No, that is not the consensus. R is (at its heart) a beautiful language that is extremely well suited to its domain. Most people who use R are not professional programmers (or even identify as programmers) so it's not surprising that there's a lot of bad code written in R.

Writing a variant of this article has become a rite of passage for all serious users of R. There are two issues that contribute to the difficulties people experience with R. First, yes, R can be confusing at times. Tal explains this really well, but only scratches the surface. There is so much more confusing and counter-intuitive stuff, for example with regards to factors that only very few people seem to understand fully. However, there is a second issue, and this is less often acknowledged: People expect R to be immensely powerful and at the same time easy to use, which is really not a very reasonable thing to expect. This attitude is fairly specific to the R community. No C++ developer would dare to write a long rant about the shortcomings of C++ while at the same time nonchalantly admitting that they never made a serious attempt to learn it. One symptom of this problem is that hardly any self-proclaimed R hacker has read Matloff's book "The Art of R Programming" which was for a long time, and perhaps still is, the only book on R programming. The mere fact that there is (or was) only one such book speaks volumes.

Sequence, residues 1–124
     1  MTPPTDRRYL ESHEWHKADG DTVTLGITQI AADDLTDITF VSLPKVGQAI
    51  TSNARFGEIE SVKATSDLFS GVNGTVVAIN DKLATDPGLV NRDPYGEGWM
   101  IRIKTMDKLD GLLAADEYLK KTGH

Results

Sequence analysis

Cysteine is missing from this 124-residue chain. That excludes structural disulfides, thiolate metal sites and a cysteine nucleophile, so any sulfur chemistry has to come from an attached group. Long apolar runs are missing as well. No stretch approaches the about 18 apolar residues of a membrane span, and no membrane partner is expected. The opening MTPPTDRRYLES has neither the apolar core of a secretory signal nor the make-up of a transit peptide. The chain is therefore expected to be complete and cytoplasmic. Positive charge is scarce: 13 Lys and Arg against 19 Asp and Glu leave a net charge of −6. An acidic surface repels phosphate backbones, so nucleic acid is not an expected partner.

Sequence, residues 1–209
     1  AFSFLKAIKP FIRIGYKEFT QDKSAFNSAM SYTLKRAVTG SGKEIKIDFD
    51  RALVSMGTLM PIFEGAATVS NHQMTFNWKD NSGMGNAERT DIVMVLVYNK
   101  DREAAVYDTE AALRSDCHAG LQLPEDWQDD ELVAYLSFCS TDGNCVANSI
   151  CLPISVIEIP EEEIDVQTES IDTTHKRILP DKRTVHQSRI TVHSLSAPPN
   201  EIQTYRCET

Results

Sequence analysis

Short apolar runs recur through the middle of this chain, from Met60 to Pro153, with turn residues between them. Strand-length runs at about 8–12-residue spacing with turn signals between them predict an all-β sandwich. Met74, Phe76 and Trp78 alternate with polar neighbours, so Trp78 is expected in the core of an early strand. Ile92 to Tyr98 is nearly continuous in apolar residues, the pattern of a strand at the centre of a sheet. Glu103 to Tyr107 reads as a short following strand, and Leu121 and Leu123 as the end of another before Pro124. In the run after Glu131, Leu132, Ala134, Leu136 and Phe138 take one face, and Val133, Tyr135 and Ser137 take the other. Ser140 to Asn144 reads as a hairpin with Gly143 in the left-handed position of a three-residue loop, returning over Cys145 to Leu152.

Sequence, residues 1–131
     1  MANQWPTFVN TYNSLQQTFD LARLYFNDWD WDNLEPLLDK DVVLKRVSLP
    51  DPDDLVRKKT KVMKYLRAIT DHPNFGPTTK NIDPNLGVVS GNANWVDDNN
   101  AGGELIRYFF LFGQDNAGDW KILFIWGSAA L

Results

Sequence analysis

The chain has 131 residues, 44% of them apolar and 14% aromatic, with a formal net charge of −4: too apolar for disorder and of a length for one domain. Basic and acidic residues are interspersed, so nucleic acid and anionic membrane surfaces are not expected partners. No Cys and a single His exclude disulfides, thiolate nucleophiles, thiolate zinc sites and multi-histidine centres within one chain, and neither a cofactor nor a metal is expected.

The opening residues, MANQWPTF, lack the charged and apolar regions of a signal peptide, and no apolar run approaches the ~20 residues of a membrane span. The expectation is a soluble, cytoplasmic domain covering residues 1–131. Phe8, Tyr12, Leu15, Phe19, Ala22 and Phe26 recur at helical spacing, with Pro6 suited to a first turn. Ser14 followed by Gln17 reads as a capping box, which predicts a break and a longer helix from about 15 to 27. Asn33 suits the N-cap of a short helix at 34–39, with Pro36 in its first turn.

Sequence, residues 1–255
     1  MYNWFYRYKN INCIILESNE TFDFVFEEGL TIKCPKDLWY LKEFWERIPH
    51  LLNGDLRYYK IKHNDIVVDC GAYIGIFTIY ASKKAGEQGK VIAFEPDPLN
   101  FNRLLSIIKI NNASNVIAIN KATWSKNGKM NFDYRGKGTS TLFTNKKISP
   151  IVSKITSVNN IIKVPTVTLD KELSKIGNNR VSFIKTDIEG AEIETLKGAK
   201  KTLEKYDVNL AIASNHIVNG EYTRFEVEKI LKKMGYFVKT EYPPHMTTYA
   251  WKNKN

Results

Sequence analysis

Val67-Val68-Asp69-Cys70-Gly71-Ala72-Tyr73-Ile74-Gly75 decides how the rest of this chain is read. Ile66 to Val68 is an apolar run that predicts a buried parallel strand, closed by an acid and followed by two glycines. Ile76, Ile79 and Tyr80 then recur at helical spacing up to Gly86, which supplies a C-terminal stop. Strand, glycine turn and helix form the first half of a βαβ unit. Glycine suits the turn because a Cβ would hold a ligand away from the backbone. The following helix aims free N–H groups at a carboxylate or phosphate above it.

I agree with everything here, including the praise for Matloff's book; it should be the very first book any serious R user picks up.

But Matloff is no longer alone: Hadley Wickham's Advanced R is now also a must-read for R programmers.


And Advanced R is also available for free at http://adv-r.had.co.nz/

There are other books on R programming: John Chambers published "Programming with Data: A Guide to the S Language" in 1998 and "Software for Data Analysis: Programming with R" in 2008.

No better way to elicit information from people than making outrageous claims. Thanks for those references!